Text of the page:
It’s great when the companies you invest in make big profits but it doesn’t always translate into gains for you.
Over time, these big profits should be reflected in higher share prices but the process can take time and can be disrupted along the way.
Dividends, on the other hand, are a much more direct mechanism for you to be rewarded for your investment. Whether you choose to accept them as an income, or reinvest them, dividends are a vital part of most investors’ total return in the long run.
It’s good news then that dividends across the world have been rising. The latest reading of an ongoing dividend index, the Janus Henderson Global Dividend Index, today confirmed that dividends around the world are on the rise, up 8.5% in 2018 compared to a year earlier. This is the ‘core growth’ figure which accounts for factors such as currency movements and timing effects.
That is above the long-term trend of 5% to 7% growth and the report included the fact that almost nine in ten companies globally raised their dividend over the course of the year.
Dividends rose fastest in emerging markets, Japan and North America, while rises were smaller in Europe.
Underneath those top-line figures was strong dividend growth in a number of high-paying sectors. Miners and banks added disproportionately to the total, while the high oil price also shored up the payouts from oil companies.
The UK provides a snapshot of the global trend. Our giant oil majors have seen their huge dividends become more secure thanks to high oil prices, while recoveries at the banks have also added to the dividend register. Just last week Royal Bank of Scotland announced it was increasing its dividend, having reinstated it last year for the first time since the financial crisis.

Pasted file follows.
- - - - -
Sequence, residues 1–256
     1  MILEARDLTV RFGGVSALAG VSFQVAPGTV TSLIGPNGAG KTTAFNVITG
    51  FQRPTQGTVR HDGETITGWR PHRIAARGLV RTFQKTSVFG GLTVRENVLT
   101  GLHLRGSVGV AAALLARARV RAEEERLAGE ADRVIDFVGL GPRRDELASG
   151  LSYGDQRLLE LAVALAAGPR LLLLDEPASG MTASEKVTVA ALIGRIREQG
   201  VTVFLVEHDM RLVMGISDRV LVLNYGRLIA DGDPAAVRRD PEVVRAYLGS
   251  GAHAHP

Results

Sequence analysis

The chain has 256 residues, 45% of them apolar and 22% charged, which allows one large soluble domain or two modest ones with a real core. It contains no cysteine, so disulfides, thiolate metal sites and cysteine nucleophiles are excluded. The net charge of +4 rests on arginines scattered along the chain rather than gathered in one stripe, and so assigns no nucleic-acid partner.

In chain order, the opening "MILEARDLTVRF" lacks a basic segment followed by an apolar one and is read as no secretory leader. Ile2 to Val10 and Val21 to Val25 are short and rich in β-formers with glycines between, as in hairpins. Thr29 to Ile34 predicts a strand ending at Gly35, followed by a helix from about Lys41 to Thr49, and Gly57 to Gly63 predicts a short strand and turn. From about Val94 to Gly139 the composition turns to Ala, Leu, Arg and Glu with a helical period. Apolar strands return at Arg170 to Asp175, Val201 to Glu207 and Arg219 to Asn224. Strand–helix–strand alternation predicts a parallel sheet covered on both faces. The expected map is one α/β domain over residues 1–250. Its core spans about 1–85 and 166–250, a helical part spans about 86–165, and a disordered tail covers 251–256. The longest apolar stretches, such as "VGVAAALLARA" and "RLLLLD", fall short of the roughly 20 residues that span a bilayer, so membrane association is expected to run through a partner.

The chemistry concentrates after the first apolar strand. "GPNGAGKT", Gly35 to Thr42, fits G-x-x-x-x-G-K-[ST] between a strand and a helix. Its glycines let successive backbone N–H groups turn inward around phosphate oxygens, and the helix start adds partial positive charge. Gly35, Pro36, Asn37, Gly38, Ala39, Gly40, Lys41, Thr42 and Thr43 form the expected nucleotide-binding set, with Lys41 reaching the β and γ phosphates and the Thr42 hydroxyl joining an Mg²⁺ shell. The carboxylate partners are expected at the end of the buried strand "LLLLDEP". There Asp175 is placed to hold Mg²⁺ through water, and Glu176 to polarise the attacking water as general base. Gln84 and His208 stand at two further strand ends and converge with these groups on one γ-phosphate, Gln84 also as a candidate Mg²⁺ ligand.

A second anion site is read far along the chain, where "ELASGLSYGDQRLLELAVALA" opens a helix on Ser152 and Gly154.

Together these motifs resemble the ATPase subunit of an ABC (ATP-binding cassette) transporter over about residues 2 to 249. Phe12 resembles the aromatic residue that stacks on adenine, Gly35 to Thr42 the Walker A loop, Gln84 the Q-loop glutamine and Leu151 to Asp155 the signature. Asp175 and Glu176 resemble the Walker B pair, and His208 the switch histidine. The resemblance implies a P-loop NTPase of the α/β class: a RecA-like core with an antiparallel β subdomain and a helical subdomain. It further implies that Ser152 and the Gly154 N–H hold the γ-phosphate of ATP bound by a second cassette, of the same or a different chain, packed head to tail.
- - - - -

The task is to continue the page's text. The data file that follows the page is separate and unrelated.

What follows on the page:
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Ben Lofthouse, head of global equity income at Janus Henderson said: "Despite more challenging equity market conditions, investors can take comfort in the ability of the world's companies to continue to generate income.
"Yields in many parts of the world are very attractive, while 8.5% dividend growth is ahead of the long-term trend. This strength reflects a number of factors; several sectors, such as mining, oil and banking have been normalising their dividend payments, after a period of low or no dividends, while some of the biggest tech firms are increasingly adopting a dividend-paying culture. The impact of tax cuts in the US clearly helped dividend growth there too."
The Select 50 offers a range of equity income funds from those with a focus on the UK, like the Fidelity Enhanced Income Fund and JOHCM UK Equity Income Fund, to the Invesco European Equity Income Fund with its focus on Europe and the JPM US Equity Income Fund with its focus on the US.
The value of investments and the income from them can go down as well as up, so you may get back less than you invest. Overseas investments will be affected by movements in currency exchange rates. Select 50 is not a personal recommendation to buy or sell a fund. This information is not a personal recommendation for any particular investment. If you are unsure about the suitability of an investment you should speak to an authorised financial adviser.